• "It was very cold the night before we hid ourselves under those piles. And I - which was a situation that didn't happen many times during the whole trip because we had nothing to eat anyway - I had to do 'number two'. I relieved myself in the tree nursery among the trees and used my bus pass, which I still had from Jeseník, to clean myself up. Then I buried it in the sand. When we were under those piles, they had dogs there, too. Apparently, one of them discovered it. We didn't see it, they were under the trees. We heard this discovery as they called out that they had found something. We knew right away what they had found. I heard them say, 'Junge, Junge... Boy, you're never going to ride that bus again.' Because they saw my bus ticket, and the guy who probably knew Czech translated it for them that it was a bus ticket. This discovery put them off the idea of lifting that pile of brushwood. I would also like to say that earlier that night before this happened, it was so cold that as we breathed, the steam from our breath froze in front of our faces on the twigs of dry brushwood. It was white ice, settled on those twigs, and in the morning, when the sun went up slowly, it melted in the sun and dripped onto our faces. We didn't even have a chance to move and wipe the drops off our faces. It was like Chinese torture."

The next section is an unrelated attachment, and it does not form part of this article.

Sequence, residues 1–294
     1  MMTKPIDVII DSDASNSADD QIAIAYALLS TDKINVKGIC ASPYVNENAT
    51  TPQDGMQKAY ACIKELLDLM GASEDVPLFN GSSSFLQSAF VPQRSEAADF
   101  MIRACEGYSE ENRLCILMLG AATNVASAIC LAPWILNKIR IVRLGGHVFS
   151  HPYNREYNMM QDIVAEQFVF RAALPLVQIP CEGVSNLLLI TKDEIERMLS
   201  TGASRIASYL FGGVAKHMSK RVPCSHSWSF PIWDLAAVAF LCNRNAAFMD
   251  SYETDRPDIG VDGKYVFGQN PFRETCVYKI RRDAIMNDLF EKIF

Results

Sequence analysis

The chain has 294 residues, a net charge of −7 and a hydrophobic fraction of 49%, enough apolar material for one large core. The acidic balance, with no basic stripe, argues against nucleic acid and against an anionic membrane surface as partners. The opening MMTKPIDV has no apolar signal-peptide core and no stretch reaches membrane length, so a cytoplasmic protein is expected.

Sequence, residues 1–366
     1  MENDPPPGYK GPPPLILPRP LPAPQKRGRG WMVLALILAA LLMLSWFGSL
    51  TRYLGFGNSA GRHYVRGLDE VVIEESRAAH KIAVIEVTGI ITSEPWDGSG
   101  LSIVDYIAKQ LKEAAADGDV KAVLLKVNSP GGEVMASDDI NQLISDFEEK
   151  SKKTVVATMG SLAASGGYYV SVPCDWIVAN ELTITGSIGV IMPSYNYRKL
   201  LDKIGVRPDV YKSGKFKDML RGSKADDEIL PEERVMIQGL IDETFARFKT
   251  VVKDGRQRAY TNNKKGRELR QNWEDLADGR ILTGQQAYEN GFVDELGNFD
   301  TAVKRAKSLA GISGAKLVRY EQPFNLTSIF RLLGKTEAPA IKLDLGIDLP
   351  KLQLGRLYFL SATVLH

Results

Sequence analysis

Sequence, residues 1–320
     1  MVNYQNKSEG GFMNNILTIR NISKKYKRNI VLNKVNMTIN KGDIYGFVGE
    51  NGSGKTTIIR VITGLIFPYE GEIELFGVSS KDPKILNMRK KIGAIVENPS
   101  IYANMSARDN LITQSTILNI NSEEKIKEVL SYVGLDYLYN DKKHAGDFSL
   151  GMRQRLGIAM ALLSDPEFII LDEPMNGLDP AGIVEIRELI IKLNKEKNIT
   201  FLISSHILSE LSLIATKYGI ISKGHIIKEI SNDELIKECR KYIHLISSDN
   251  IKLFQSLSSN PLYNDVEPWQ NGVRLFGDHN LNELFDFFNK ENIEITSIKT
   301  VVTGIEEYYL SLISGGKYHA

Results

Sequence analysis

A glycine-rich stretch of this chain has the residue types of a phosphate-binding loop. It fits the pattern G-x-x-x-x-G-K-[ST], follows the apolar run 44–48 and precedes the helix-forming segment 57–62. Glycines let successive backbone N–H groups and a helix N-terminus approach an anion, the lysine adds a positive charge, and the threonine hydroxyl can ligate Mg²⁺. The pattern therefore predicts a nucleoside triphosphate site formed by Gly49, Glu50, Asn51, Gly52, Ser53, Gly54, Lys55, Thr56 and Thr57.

• "Immediately after the Germans arrived in Prague, after the occupation of Czechoslovakia, the Gestapo started visiting us. They tried to interrogate even us children, and every time they came, they took something with them. They completely ransacked our apartment, what we had there, food supplies. They took our car, expelled us from the officers' house, and we moved to Poděbrady. With the help of our friends, my mother managed to find a place to live in Poděbrady Na Chmelnici, a small house. Sometimes, they came in SS uniforms. Once, when the looting was at its worst, they came with a van driven by uniformed SS men in black uniforms. The Gestapo themselves were in civilian clothes. Of course, during the search, they took everything that was edible and so on. They were already in short supply in Germany at that time, so they stole what they could. I know there were several of them in plain clothes. They talked mainly to our mother and our housekeeper, Máňa. Our mother spoke fluent German, and of course, Máňa spoke German, too. Máňa, I remember, she tried to speak Czech with them once. She explained to them that she was Czech, not German. I wouldn't say we were afraid of them. They were enemies to us, but I don't remember feeling any fear. Our mother never gave the impression she was trembling with fear. She wasn't like that."